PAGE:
My waking moment

I am a middle-aged White male, proudly born and raised a son of the South, though not always proud of things we Southerners have done, or the way we have treated others. But I would never describe myself as “woke.” Even now, I’m not entirely sure what that term means. But I can tell you the experience, circumstances and the year that I woke up, and finally came to realize the challenges almost all African Americans likely experience in their lives, that I was likely never to experience in mine. 

It was 2015, and through a friend, I received a call from someone I had met briefly once before, Lisa Cupid, a Cobb County commissioner. As our conversation began, her voice was trembling, she was still clearly in shock and had suffered recent trauma. I can’t do her story justice, but I will try. 

Lisa Cupid was a young mother of two, living with her husband in southwest Cobb County, near the Six Flags Amusement Park. Cupid had been elected District 4 commissioner in 2012, the first Black female on the Cobb County Commission, and at the time, its lone Democrat. In 2012, she also completed her law degree studies at Georgia State University but had not yet taken the state bar examination. She was determined to pass the bar. Fortunately, Cupid found a friend and campaign supporter who owned a hotel several miles from her home with a comfortable lobby, wi-fi, and coffee readily available for late-night studying. For several nights a week, often until early morning, Cupid studied in that lobby.  

After a long night of study, carrying her law books, she trudged out to her car for the short drive home. Another vehicle pulled out almost immediately behind her, following closely and copying her every turn and signal. As she grew closer to home, she became increasingly concerned that the vehicle aggressively tailing her had some intention to do her harm. So, she purposely chose to turn into the wrong subdivision and see if she could lose the tail.  She called 911, shared her situation, her fear, and the fact that she was a Cobb County commissioner, as she rapidly turned around in a cul-de-sac and raced out of the subdivision. Finally, the car stopped following her and broke away.

Cupid would soon learn that her pursuer was actually an undercover Cobb County police officer driving an unmarked car. Later Cupid was told the officer was working the hotel and surrounding area, looking into a series of automobile break-ins. Fortunately, Cupid was not beaten, nor killed by the errant officer; she was simply terrorized for the crime of leaving a hotel lobby late at night while being a Black woman.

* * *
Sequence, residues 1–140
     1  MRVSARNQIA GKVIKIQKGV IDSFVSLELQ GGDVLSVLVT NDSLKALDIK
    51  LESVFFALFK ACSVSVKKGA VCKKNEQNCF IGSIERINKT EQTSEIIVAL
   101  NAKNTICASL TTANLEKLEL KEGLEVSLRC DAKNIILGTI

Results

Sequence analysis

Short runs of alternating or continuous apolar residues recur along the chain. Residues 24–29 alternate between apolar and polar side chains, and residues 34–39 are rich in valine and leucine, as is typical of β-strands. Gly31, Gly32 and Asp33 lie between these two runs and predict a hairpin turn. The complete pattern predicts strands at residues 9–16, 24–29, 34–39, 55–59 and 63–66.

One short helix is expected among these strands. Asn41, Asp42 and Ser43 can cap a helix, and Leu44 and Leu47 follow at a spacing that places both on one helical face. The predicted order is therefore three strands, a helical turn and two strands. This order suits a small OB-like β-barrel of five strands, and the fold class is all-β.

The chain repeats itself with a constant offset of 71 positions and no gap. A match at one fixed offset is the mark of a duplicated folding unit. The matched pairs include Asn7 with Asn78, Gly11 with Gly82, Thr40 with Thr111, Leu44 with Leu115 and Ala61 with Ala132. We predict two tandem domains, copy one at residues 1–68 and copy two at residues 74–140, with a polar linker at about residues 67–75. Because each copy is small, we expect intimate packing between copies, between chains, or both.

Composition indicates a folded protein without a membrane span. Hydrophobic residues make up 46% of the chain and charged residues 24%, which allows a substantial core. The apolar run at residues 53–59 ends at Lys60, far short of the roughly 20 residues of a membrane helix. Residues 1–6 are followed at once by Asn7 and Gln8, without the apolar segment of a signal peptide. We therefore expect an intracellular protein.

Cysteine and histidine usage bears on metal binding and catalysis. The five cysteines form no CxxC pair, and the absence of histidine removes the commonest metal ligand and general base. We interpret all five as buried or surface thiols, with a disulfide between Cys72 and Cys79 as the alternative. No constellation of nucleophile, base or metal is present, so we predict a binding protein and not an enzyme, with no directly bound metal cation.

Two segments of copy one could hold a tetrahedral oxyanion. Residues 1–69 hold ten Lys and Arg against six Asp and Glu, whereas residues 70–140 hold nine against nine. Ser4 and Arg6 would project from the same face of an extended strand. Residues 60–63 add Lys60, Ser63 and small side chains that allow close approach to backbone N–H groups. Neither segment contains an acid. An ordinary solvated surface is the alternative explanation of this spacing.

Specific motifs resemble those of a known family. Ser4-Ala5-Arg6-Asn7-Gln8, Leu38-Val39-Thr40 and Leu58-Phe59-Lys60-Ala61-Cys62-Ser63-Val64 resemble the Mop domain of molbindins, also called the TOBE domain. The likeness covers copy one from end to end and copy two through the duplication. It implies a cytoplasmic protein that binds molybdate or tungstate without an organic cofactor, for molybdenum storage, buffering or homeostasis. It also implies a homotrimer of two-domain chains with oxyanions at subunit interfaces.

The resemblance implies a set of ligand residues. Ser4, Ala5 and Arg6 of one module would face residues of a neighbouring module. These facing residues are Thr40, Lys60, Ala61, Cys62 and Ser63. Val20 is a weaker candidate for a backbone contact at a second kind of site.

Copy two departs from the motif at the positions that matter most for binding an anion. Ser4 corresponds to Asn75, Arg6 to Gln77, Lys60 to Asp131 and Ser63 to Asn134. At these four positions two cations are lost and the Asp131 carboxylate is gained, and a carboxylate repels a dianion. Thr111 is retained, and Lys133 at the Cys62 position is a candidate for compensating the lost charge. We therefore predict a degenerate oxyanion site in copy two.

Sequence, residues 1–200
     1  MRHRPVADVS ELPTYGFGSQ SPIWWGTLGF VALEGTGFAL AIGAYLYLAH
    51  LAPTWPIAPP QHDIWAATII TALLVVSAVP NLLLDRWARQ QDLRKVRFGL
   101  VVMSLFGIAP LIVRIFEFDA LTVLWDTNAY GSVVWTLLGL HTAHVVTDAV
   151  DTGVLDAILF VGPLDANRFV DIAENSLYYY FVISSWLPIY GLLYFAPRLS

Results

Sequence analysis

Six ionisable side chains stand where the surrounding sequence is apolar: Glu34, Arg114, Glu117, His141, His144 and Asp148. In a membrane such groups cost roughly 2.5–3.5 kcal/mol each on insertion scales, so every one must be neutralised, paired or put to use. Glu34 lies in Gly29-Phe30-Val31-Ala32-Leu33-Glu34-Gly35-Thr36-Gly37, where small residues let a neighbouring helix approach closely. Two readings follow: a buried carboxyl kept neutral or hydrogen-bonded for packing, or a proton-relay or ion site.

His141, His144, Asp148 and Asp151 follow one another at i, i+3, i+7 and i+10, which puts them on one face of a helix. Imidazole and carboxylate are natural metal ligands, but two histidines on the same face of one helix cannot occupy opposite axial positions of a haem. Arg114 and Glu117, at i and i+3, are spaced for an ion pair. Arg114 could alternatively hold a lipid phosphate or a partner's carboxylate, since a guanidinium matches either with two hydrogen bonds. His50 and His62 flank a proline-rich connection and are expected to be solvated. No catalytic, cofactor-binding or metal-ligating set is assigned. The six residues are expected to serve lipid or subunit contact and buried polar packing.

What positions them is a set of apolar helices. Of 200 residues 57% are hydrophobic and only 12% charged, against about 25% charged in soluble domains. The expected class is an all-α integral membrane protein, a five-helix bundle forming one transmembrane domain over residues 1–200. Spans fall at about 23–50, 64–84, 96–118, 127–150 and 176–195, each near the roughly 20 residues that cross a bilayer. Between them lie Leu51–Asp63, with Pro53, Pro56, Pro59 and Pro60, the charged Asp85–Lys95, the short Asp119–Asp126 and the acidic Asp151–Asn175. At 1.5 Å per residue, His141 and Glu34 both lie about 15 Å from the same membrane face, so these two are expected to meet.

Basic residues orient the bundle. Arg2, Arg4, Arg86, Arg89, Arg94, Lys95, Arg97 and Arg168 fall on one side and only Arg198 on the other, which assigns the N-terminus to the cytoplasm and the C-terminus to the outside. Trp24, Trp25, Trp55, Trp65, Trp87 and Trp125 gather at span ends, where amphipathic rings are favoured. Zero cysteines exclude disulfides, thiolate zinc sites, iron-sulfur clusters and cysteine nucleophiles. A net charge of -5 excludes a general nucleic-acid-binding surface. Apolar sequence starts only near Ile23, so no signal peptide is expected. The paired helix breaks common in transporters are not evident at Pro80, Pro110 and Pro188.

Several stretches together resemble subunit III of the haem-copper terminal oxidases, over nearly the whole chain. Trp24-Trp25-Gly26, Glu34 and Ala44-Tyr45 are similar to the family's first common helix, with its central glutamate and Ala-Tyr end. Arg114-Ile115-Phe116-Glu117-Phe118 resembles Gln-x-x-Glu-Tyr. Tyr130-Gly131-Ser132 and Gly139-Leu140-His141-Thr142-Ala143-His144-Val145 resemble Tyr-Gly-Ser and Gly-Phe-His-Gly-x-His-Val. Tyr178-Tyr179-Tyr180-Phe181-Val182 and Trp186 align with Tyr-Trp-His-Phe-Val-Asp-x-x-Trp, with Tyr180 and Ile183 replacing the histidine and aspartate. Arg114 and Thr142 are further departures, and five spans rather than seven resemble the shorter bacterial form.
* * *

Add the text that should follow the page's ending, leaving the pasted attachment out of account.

I assisted the commissioner during those trying days and weeks. I strangely got calls, some from peers and others who lived in Cobb County, each a White male, each chastising me. 

“You live in DeKalb County, why are you even involved in this?” “You might be doing your own business harm by sticking your nose into this matter.” “I thought you had more sense than to wade into something like this…”

These calls were a nuisance, but my life was not altered, and I was not suffering daily slings and arrows as Cupid was, nor being isolated on the commission, nor spoken ill of publicly. And yet, she persisted.

Cupid is now a candidate for Cobb Commission chair, she has no primary opposition and will face either current Chair Mike Boyce or one of his GOP primary opponents in November. She recently led the commission in the unanimous adoption of a resolution condemning racism in all its forms. Though there is still a long way to go, she has made inroads with reforming policing in Cobb. 

Though I no longer make public endorsements, if I lived in Cobb County, there is no question for whom I would be voting. As important as the recent marches and protests were for thousands, electing people such as Lisa Cupid is more important. And not all the candidates similar to Lisa have Black faces, nor are they all Democrats.

Knowing who knows what and who understands the way things are, as well as the need for more than subtle change is what will make the difference between a series of dramatic events, and a movement. Choose wisely and vote.

 Bill Crane also serves as a political analyst and commentator for Channel 2’s Action News, WSB-AM News/Talk 750 and now 95.5 FM, as well as a columnist for The Champion, DeKalb Free Press and Georgia Trend. Crane is a DeKalb native and business owner, living in Scottdale. You can reach him or comment on a column at bill.csicrane@gmail.com. 

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